Fortunately the anchors held, and he continued toward the top. After tackling the final obstacle, the 40-foot climb up the Hillary Step, Giesecke summited the mountain.
"I went up Everest on May 20, 2007, and that was a fantastic day," he said, "to be on top of the world."
DOWNHILL FROM EVEREST
The following year he took on Mount Elbrus (18,510 feet tall) on the border between Russia and Georgia. After that he went straight to Mount Kilimanjaro (19,340 feet tall) in Tanzania, leaving the area only two days before Russia's invasion of Georgia in the summer of 2008.
His next challenge was Carstensz Pyramid in Indonesia. Because the highest point on the continent of Australia is little more than a hike, some climbers take on the 16,500-foot peak to check Oceania off their lists.
While the climb itself includes a 2,000 foot wall climb topped by a Tyrolean traverse-a gap of air climbers cross on a rope suspended between two high points-getting there is a challenge all its own. Even reaching base camp requires a two-week trek through the jungle, days away from civilization.
According to Giesecke, it's the toughest trail he's ever been on.
"The face climb itself was actually fun," he said. "The jungle approach was a once in a lifetime thing. I wouldn't do that again."
And so, there was only one left. Mount Vinson, Antarctica's tallest peak, stands at 16,050 feet tall. But to get to it, Giesecke would have to wait.
In January he traveled to Punta Arenas, Chile. From there he planned to fly to Antarctica - but things were not as simple as he had hoped. A strike over rising fuel prices shut down the area, leaving Giesecke cut off from the last of the seven summits.
"It's challenging to accept things beyond my control," he said.
For him, waiting is the hardest part about mountain climbing - knowing that the goal is out there ahead of you, but not being able to reach out and grab it.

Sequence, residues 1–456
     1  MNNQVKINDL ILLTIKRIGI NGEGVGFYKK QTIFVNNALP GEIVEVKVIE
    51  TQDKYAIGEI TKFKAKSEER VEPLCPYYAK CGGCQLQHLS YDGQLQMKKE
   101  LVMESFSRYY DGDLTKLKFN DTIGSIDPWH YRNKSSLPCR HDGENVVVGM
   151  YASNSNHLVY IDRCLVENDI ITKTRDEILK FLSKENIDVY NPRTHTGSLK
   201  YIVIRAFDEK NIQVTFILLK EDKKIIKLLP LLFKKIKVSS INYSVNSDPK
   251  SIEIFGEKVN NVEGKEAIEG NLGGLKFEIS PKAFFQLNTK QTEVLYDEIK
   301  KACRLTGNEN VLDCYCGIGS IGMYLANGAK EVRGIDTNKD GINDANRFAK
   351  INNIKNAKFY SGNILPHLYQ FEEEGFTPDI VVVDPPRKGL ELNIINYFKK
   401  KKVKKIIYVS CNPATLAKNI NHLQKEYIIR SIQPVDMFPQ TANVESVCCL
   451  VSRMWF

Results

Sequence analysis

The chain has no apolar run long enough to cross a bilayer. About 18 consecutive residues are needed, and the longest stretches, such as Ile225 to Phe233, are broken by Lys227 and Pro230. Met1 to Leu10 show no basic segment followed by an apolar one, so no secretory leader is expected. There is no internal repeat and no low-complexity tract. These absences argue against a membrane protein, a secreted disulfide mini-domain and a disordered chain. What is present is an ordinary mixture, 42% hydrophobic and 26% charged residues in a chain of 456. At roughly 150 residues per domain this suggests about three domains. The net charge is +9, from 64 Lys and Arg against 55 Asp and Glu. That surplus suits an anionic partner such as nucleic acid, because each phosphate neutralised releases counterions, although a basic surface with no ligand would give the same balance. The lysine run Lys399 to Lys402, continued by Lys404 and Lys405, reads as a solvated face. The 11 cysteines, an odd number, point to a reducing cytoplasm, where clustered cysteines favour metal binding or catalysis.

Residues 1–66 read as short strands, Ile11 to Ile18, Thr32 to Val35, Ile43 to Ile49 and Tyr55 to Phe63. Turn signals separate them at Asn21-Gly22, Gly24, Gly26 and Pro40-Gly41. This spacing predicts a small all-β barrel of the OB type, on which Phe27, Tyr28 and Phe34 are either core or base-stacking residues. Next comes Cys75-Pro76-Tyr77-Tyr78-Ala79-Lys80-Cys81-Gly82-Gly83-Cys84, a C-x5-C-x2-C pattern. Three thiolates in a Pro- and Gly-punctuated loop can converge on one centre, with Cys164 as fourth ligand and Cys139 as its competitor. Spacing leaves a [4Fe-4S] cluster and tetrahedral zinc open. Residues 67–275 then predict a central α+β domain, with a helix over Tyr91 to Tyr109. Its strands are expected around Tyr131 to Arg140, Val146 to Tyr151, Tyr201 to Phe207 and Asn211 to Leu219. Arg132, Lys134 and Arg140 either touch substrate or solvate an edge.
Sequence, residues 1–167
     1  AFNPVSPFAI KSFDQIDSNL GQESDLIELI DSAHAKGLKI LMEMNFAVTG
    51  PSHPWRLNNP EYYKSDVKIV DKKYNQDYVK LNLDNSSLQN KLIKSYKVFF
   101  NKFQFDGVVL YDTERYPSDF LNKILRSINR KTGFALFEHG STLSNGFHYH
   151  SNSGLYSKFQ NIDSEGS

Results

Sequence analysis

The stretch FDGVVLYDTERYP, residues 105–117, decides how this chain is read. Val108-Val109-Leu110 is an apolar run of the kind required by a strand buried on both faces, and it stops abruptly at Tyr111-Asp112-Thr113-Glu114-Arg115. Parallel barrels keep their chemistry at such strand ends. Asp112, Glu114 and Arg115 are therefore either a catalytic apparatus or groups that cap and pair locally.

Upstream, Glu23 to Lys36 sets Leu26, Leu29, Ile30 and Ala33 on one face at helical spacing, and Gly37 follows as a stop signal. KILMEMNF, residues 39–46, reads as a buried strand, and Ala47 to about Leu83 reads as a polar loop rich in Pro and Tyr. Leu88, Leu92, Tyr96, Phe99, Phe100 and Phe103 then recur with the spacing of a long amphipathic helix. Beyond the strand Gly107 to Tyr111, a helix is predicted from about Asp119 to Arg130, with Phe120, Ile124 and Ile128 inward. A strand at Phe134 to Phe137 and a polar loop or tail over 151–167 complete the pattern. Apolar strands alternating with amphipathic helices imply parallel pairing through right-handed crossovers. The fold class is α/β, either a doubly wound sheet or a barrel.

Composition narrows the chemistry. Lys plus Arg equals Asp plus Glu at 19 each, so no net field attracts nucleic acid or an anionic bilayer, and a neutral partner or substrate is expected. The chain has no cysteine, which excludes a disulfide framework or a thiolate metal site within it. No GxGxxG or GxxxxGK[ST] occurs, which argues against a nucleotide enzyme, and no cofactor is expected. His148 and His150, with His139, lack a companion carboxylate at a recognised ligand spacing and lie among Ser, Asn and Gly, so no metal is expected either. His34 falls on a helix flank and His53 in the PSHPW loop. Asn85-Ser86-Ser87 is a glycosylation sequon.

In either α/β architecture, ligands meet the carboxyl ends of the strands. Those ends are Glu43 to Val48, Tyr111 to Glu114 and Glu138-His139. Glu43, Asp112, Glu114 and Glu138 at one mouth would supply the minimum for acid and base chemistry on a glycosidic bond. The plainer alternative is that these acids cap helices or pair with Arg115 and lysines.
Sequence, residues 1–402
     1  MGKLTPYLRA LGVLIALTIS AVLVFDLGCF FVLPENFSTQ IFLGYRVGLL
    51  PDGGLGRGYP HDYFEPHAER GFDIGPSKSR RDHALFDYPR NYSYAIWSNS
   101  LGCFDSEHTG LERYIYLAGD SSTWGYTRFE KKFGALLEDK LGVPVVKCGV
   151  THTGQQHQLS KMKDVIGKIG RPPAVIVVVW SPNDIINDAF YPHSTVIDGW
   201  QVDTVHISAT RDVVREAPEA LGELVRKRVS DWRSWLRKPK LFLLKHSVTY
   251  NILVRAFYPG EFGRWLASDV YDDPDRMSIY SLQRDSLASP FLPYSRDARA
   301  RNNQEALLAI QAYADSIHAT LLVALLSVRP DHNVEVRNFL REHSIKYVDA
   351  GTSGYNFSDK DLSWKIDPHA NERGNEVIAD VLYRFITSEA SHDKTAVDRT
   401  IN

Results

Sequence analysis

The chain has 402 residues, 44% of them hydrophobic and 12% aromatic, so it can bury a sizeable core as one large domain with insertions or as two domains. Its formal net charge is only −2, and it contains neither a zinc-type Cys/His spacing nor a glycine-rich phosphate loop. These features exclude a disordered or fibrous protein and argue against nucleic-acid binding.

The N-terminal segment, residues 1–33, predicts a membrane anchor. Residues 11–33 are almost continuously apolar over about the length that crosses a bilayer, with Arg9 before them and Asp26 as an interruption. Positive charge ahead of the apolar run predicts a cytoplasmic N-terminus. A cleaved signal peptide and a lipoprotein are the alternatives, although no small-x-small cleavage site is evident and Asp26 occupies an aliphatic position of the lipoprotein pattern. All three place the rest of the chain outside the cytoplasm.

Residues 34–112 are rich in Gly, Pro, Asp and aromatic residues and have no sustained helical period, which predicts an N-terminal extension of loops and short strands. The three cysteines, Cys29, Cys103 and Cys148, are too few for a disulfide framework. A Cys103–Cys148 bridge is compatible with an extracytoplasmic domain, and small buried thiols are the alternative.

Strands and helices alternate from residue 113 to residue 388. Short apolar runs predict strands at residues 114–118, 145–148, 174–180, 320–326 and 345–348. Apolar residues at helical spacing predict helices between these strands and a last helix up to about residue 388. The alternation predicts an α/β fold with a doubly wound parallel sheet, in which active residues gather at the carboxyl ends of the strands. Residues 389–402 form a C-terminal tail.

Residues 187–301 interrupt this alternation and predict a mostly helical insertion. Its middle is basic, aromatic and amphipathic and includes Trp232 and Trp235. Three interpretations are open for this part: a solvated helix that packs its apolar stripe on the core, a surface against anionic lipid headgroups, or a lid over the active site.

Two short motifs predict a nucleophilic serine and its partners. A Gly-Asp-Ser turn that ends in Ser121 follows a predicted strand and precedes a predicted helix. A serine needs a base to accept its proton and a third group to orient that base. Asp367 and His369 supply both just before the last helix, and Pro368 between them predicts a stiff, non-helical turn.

Giesecke was stranded in Patagonia for two weeks waiting for the strike to end. Not everyone in the group was as patient or invested. Some went home before so much as setting foot on Antarctica.
"I'd gone all the way down to the end of South America to complete this trip," he said. "That's what I intended to do and that's what I did."
On Jan. 27, he made it to the top, finishing a journey he started in 1989.
"It's still sinking in," Giesecke said. "When I finished I came back home and I got out the book 'Seven Summits' and looked at it again."
Like explorers before him, Giesecke has been asked time and again why he does it. And really, there are countless reasons - the camaraderie of accomplishing great things with other people, the physical challenge, George Mallory's classic "Because it's there."
But for Giesecke, perhaps what it really comes down to the liberating challenge.
"I think when you're climbing it's one of the ultimate expressions of freedom," he said.
There aren't many places left with so few restraints, he said. But when he's pushing himself toward the summit of some impossibly high mountain, the only thing holding him back is how high he can climb.
By Marisa Petrich (Northwest Guardian)